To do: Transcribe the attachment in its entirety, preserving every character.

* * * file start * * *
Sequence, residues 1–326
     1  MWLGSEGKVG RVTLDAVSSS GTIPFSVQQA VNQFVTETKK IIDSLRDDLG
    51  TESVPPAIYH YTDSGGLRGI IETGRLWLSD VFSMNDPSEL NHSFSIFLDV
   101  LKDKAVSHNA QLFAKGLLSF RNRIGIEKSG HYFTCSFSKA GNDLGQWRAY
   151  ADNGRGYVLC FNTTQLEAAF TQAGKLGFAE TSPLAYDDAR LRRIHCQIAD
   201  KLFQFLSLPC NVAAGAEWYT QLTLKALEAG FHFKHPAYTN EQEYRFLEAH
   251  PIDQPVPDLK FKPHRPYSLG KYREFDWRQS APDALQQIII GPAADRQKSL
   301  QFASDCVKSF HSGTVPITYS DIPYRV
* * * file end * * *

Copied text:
Sequence, residues 1–326
     1  MWLGSEGKVG RVTLDAVSSS GTIPFSVQQA VNQFVTETKK IIDSLRDDLG
    51  TESVPPAIYH YTDSGGLRGI IETGRLWLSD VFSMNDPSEL NHSFSIFLDV
   101  LKDKAVSHNA QLFAKGLLSF RNRIGIEKSG HYFTCSFSKA GNDLGQWRAY
   151  ADNGRGYVLC FNTTQLEAAF TQAGKLGFAE TSPLAYDDAR LRRIHCQIAD
   201  KLFQFLSLPC NVAAGAEWYT QLTLKALEAG FHFKHPAYTN EQEYRFLEAH
   251  PIDQPVPDLK FKPHRPYSLG KYREFDWRQS APDALQQIII GPAADRQKSL
   301  QFASDCVKSF HSGTVPITYS DIPYRV